The invitation to meet some ORs of the Ghana Armed Forces came to the CoW
The CoW met the NCOs, saw their military fatigues, especially their deteriorating camouflage boots for routine duties (pictures attached).
Is this the level of the military of President Akufo-Addo’s tenure?
The question is simple: Is the Ghana Armed Forces so cash-strapped that it is unable to supply boots and other attires to soldiers?
Is the GAF so broke it can not get local supplies of boots for its soldiers?
Yet the Ghana Armed Forces could get funds to contract Robert Ashie Kotei (RAK) Ventures to import USD 9,910, 800 worth of AMMO in December, 2018?
Section 8(1) of the Ghana Armed Forces Act 105 of 1962 clothes the President
with full powers as the Supreme Commander to cater for the logistic requirements of Ghanaian soldiers.
How come soldiers are complaining that since 2017, the President has taken his eyes off the supply of their accoutrements, especially their combat fatigue dresses?
How come soldiers are complaining that even what was issued to them in 2017 were the uniforms ordered by former President Mahama in 2016?
The soldiers say that as their Supreme Commander, the President must be aware of the importance of unforms to the military.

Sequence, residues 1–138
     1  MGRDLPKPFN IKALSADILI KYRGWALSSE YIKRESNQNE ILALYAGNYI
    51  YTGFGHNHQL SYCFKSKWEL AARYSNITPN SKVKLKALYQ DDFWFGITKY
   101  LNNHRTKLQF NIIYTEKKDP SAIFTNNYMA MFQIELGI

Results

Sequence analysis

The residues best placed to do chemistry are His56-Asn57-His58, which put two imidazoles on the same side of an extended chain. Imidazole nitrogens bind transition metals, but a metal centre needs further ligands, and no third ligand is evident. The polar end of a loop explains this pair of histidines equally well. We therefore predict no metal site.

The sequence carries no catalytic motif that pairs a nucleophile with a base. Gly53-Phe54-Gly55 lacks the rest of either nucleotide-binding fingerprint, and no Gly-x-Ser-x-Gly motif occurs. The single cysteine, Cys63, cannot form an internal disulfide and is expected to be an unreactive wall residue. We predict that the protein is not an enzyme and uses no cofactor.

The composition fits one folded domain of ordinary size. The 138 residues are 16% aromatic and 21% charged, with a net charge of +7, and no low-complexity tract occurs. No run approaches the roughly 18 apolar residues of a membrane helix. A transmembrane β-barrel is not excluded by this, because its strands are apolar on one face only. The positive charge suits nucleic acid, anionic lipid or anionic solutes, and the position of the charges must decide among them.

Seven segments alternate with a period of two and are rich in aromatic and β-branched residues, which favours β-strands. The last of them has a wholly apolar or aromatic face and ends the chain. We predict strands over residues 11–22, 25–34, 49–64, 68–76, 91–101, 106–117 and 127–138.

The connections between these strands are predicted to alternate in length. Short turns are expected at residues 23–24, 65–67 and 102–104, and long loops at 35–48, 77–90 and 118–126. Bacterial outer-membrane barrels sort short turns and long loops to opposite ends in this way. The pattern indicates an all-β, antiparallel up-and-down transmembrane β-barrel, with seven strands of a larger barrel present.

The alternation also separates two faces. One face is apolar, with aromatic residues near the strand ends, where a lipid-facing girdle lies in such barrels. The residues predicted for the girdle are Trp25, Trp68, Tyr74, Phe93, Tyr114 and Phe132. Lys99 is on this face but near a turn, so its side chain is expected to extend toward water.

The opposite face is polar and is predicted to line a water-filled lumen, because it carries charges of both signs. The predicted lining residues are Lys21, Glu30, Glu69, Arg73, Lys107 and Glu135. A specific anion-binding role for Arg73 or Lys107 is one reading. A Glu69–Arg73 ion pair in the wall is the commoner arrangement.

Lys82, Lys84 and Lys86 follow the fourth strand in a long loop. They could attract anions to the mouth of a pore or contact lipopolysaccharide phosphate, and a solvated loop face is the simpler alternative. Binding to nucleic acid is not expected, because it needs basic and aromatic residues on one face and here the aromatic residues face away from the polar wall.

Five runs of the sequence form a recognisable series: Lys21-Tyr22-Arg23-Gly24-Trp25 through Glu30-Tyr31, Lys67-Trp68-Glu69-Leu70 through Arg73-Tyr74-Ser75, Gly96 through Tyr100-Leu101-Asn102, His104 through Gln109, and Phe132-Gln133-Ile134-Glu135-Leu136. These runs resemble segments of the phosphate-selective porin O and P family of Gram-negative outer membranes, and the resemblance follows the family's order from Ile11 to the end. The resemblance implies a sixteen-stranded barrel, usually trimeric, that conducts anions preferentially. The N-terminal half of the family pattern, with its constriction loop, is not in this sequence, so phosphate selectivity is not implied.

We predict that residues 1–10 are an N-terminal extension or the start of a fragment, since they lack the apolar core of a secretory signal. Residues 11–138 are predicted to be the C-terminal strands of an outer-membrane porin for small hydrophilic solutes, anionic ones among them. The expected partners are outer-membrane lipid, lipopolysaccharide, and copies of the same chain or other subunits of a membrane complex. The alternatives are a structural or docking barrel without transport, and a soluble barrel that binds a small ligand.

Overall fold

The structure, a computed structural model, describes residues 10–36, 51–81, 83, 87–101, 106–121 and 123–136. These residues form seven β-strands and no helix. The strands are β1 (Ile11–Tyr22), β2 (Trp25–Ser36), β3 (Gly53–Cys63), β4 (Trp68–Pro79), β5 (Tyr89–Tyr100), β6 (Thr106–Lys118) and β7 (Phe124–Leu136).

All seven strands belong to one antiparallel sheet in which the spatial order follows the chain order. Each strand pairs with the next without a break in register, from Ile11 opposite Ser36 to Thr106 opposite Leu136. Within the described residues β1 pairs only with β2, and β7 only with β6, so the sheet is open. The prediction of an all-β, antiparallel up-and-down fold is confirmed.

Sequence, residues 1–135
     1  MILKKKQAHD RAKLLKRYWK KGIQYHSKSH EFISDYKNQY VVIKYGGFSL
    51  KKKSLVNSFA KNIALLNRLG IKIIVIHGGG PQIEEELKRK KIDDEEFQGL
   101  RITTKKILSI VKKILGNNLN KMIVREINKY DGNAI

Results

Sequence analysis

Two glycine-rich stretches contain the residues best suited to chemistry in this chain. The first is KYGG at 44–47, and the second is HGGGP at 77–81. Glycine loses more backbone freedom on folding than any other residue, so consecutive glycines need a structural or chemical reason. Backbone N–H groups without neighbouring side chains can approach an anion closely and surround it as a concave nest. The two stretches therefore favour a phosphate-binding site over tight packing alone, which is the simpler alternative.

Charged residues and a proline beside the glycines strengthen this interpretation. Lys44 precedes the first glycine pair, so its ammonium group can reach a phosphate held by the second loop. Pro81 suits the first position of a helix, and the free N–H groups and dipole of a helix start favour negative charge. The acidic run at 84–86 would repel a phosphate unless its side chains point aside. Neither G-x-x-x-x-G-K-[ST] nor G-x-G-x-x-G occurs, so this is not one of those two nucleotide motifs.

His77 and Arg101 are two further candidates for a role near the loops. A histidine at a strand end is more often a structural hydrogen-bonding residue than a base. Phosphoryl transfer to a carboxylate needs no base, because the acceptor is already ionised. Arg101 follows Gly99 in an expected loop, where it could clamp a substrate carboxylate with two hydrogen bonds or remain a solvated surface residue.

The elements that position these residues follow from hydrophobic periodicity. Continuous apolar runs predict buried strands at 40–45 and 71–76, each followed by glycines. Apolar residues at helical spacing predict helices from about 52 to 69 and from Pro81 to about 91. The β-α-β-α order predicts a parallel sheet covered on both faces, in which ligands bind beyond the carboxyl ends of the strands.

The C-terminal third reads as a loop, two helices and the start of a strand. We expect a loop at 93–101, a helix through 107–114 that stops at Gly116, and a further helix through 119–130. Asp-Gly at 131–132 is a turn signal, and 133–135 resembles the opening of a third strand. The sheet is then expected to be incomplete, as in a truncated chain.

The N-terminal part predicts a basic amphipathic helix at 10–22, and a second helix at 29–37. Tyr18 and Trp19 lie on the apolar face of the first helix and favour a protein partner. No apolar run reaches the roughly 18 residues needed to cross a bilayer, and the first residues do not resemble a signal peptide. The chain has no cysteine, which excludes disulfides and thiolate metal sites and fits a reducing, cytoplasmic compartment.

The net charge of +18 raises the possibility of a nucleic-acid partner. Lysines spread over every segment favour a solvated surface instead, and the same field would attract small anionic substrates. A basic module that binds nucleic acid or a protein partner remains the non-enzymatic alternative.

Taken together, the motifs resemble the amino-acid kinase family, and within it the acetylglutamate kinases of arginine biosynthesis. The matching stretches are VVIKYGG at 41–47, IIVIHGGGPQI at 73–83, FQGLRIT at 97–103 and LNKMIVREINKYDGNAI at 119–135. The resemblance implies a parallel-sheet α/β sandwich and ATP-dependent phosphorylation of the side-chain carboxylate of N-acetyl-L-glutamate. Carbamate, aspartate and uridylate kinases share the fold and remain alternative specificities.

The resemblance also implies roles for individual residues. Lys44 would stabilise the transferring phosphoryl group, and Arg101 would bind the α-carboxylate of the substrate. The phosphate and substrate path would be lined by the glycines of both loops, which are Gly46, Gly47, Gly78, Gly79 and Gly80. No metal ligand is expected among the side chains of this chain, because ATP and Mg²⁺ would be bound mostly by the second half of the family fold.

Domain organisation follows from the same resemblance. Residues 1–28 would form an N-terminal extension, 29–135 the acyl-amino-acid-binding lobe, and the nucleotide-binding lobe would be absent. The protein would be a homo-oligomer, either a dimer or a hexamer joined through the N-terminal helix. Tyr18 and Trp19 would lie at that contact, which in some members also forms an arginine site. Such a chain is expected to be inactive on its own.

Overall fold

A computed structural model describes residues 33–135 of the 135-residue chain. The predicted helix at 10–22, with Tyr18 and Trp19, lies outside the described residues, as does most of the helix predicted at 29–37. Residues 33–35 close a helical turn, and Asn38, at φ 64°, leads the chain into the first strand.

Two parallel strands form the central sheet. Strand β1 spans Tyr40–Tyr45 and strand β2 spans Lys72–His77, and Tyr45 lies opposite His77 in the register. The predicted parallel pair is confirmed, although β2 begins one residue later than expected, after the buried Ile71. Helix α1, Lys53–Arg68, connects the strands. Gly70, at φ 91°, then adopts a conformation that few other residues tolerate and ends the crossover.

They say the President must know that a good turnout is a soldier’s pride on and off duty. Because, it is good for self confidence, discipline, command and control, high morale and efficiency.
The soldiers say they know and appreciate how a good turn out on the drill square distinguishes men from boys.
They say they know the hazards of inappropriate uniforms as any wear and tear can be problematic.
So, the soldiers ask whether there are any reasons for the Supreme Commander not issuing combat fatigue dresses to soldiers since 2017, when as Supreme Commander he knows that the annual minimum issue of combat dresses is two (2) pairs?
The soldiers say usually at least two (2) pairs per person per year of boots are issued.
When you read “In A Theory of Military Dictatorships” (NBER Working Paper No. 13915), the authors, Daron Acemoglu, Davide Ticchi, and Andrea Vindigi, point out that creating a powerful military is a double edged sword for the elite who want to maintain power.
The authors construct a model that assumes that the means of violence in a society are in the monopoly of the military.
So, if the elite decide to form a strong military, then they have to live with the political moral hazard problem that this causes.
In particular, a strong military may not simply work as their agent, but instead may turn against them, creating or supporting a regime more in line with its own.
Accordingly, can the Supreme Commander of the Ghana Armed forces explain his thinking in allowing soldiers to wear such deteriorating camouflage boots for routine duties?
OPPOSITION LEADER: Are you listening carefully to the heartbeat of the Military, Security and Intelligence community?